Saturday Scholar Series
A different game plan for autumn weekends
Fall 2015 Schedule
Come back to campus! You are invited to experience an intimate discussion with Notre Dame’s most engaging faculty speakers on some of the most pressing and fascinating issues of our times.
Each lecture and Q&A is presented in the Snite Museum’s Annenberg Auditorium at noon (unless otherwise noted) on a “home game” Saturday. All lectures are free and open to the public.
More information about other “home game” events on campus is available on the GameDay website.
9.5.15 (vs. University of Texas)
Game at 7:30 p.m.; lecture at 4 p.m.
“The Changing American Voter in 2016 and Beyond”
Luis Fraga, Arthur Foundation Endowed Professor of Transformative Latino Leadership; Professor, Department of Political Science; Co-Director, Institute for Latino Studies
9.19.15 (vs. Georgia Institute of Technology)
“Sparkle: Contemporary Girls’ Media Culture”
Mary Celeste Kearney, Associate Professor, Department of Film, Television, and Theatre; Director, Gender Studies Program
9.26.15 (vs. University of Massachusetts)
“What’s Posterity Ever Done for Us?: Literature and the Future”
John Sitter, Mary Lee Duda Professor of Literature, Department of English
10.10.15 (vs. U.S. Naval Academy)
“Father Theodore Hesburgh, C.S.C., Among the Notre Dame Presidents”
Notre Dame’s 17 presidents, from Father Edward Sorin to Father John I. Jenkins, have advanced what was initially a regional preparatory school into an internationally recognized Catholic university. This session will examine the legacy of Father Ted Hesburgh among Notre Dame’s presidents.
Father Thomas Blantz, C.S.C., Professor Emeritus, Department of History
Dr. Nancy Haegel, Materials Science Center Director, National Renewable Energy Laboratory
Father Edward A. “Monk” Malloy, C.S.C., President Emeritus
Timothy Matovina, Professor, Department of Theology; Co-Director, Institute for Latino Studies
10.17.15 (vs. University of Southern California)
Game at 7:30 p.m.; lecture at 4 p.m.
“How Our Siblings Shape Us: Evidence from Economics”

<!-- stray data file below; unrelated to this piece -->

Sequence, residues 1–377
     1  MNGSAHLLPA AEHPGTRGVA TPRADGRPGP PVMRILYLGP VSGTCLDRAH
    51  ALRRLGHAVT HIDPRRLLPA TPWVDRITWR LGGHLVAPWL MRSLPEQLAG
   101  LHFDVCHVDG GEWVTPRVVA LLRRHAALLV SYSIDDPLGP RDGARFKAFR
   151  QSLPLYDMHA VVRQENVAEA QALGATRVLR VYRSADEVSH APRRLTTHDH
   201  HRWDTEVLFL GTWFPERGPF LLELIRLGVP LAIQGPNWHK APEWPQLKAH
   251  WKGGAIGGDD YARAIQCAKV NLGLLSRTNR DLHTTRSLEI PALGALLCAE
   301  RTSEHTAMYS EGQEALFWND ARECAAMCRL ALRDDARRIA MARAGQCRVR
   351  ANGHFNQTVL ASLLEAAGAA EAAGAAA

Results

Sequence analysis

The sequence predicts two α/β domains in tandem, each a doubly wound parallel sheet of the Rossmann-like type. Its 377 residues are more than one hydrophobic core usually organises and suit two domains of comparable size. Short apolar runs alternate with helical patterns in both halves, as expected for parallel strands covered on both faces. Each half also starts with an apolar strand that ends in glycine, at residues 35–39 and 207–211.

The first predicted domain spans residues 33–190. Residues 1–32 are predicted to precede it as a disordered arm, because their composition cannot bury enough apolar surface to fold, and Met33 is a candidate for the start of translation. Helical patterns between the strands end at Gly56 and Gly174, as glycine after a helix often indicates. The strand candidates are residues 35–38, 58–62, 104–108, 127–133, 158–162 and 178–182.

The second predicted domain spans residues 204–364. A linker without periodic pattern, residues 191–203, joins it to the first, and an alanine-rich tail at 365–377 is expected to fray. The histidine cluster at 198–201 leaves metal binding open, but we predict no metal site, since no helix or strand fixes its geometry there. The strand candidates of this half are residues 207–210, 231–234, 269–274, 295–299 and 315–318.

Are big families better for children? Is there an advantage to being the oldest? This discussion will explore the many ways that the number and composition of one’s siblings affect development and long-term well-being.
Kasey Buckles, Brian and Jeannelle Brady Associate Professor of Economics
11.14.15 (vs. Wake Forest University)
“1916: Screening the Irish Rebellion”
The 1916 Easter Rising in Dublin is not only a seminal historical event in Irish history but one which had reverberations around the globe, inspiring future freedom movements in places as far flung as India and Africa. The Rising itself was globalized from the start. Without the support of the Irish diaspora in the U.S., the Rising would never have happened. This talk will examine the complexities of these events and the experience of translating them into a documentary series for television.
Bríona Nic Dhiarmada, Thomas J. and Kathleen M. O’Donnell Professor of Irish Studies, Department of Irish Language and Literature; Concurrent Professor, Department of Film, Television, and Theatre.
Arts and Letters News
While working at a childhood bereavement center after college, Amy K. Nuttall Ph.D. ’15 saw firsthand how resilient kids can be. She was inspired to research parentification, or the act of children assuming adult caretaking roles in their families, in her graduate work in developmental psychology at Notre Dame. She now continues to explore the issue at Michigan State University, where she landed a position as an assistant professor in the Department of Human Development and Family Studies and directs the Family Stress Lab. Read More >
Celia Deane-Drummond, professor of theology, and Agustín Fuentes, professor and chair of the Department of Anthropology, have been awarded a grant by the John Templeton Foundation to convene invited scholars to explore the intersection of wisdom, humility, and grace in human evolution. An advanced symposium, entitled “Humility, Wisdom, and Grace in Deep Time: A Conversation between Theology and Evolutionary Anthropology,” will assemble scholars from around the world in Stellenbosch, South Africa, in January 2017. Read More >
Through the liberal arts, you learn to read deeply. Think about issues critically. Discuss topics thoughtfully. Write arguments persuasively. Contribute to projects creatively. And these abilities aren’t just vital in the classroom—they’re exactly what employers, graduate schools, and service organizations are looking for. With 20 departments across the humanities, arts, and social sciences, the College of Arts and Letters is home to exceptional faculty and talented students who are studying what they love. Read More >
Through the Washington Program, a semester-long immersion into national politics and policy, Notre Dame students head to the nation’s capital for coursework and organized visits with policymakers, journalists, and leaders in a variety of governmental and non-governmental offices. Participants also complete internships at the White House, congressional offices, major media outlets, non-governmental organizations, and nonprofits. Read More >